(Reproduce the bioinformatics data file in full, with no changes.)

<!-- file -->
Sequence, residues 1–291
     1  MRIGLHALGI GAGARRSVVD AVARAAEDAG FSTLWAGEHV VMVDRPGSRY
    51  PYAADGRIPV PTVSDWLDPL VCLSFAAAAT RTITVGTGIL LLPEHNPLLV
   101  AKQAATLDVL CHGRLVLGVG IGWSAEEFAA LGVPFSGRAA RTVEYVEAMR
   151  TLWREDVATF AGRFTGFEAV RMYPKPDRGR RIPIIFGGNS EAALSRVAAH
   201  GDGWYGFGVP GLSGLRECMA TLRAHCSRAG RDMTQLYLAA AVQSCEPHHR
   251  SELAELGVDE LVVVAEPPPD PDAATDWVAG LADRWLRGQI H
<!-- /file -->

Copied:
Sequence, residues 1–291
     1  MRIGLHALGI GAGARRSVVD AVARAAEDAG FSTLWAGEHV VMVDRPGSRY
    51  PYAADGRIPV PTVSDWLDPL VCLSFAAAAT RTITVGTGIL LLPEHNPLLV
   101  AKQAATLDVL CHGRLVLGVG IGWSAEEFAA LGVPFSGRAA RTVEYVEAMR
   151  TLWREDVATF AGRFTGFEAV RMYPKPDRGR RIPIIFGGNS EAALSRVAAH
   201  GDGWYGFGVP GLSGLRECMA TLRAHCSRAG RDMTQLYLAA AVQSCEPHHR
   251  SELAELGVDE LVVVAEPPPD PDAATDWVAG LADRWLRGQI H